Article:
......... London ......... Residence ......... Dubai
......... Left-handed ......... Plays ......... Right-handed
......... 5ft 10in ......... Height ......... 5ft 9in
......... No234 ......... World ranking ......... No3
......... 0 ......... Career titles ......... 12
......... $83,000 ......... Career prize money ......... $10.9m
......... W0 L1 ......... Wimbledon record ......... W13 L6
......... 1R (2009) ......... Wimbledon best ......... 4R (three times)
......... None ......... Head-to-head ......... None
......... 7-1 ......... Odds ......... 1-7
Bollettieri's prediction: Jankovic in two
World Cup of Tennis
Now I'm not the biggest soccer expert in the world, but I am of Italian heritage and I do know there's a tournament in South Africa that some of you English sports fans have been keeping an eye on. I believe you've even had the good taste to hire an Italian coach, although perhaps less said about that, the better – for a few more days, until you get into the next phase!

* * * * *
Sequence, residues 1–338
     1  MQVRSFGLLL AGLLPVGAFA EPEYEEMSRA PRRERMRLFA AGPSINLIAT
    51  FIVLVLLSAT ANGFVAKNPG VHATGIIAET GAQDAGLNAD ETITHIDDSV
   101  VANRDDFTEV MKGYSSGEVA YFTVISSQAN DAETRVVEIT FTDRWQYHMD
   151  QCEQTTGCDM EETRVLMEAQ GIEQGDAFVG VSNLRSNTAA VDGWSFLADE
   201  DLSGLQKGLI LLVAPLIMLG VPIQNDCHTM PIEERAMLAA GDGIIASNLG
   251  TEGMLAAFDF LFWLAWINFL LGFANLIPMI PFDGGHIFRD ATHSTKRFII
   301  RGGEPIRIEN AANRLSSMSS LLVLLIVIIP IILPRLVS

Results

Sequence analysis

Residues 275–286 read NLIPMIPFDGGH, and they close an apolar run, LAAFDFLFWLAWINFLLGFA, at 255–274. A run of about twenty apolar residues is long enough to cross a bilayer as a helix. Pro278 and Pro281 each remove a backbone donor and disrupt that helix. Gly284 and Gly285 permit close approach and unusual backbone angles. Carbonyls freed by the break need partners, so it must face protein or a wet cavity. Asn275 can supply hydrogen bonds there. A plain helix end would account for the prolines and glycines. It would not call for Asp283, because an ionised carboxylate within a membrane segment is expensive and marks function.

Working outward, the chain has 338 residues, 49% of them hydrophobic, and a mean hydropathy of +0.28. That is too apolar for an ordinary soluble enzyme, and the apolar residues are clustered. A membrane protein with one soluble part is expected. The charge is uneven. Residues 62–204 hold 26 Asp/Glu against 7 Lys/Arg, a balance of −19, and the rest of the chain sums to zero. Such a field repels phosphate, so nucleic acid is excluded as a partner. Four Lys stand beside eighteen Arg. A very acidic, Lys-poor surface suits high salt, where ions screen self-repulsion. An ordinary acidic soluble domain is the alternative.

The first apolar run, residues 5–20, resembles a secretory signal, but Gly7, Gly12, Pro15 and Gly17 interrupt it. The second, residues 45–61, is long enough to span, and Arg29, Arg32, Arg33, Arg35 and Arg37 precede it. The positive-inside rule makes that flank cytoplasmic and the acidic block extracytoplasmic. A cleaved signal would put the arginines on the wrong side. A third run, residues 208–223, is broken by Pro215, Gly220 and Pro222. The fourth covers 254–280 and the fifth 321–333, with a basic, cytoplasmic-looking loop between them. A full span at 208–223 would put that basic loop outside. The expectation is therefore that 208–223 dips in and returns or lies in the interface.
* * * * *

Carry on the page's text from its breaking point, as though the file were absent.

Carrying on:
The World Cup got me thinking about some of the great players I've worked with and watched in my 50-plus years in coaching, so each day I'll be having a bit of fun trying to predict World Cup match scores (about which I have little, verging on no, expertise) through imaginary tennis match-ups. Confused? Great. Let's begin.
Chile v Switzerland
Chile play Switzerland today in the football, so what would have happened if Chile's Marcelo Rios, in his prime, had played Switzerland's Roger Federer?
I worked with Rios and he was a leftie (and therefore a bit nuts!), but also the single most talented tennis player – in terms of natural gifts – that I have ever coached. He was strong and quick and creative on the court and reached No 1 in the world – on his day could beat anyone. Off the court, he could be surly, rude, selfish and objectionable.
Federer is the greatest player of all-time, the man who, at his peak (not so long ago), had it all and was unbeatable. At Rios's peak, it would've been close. I predict a draw in today's football.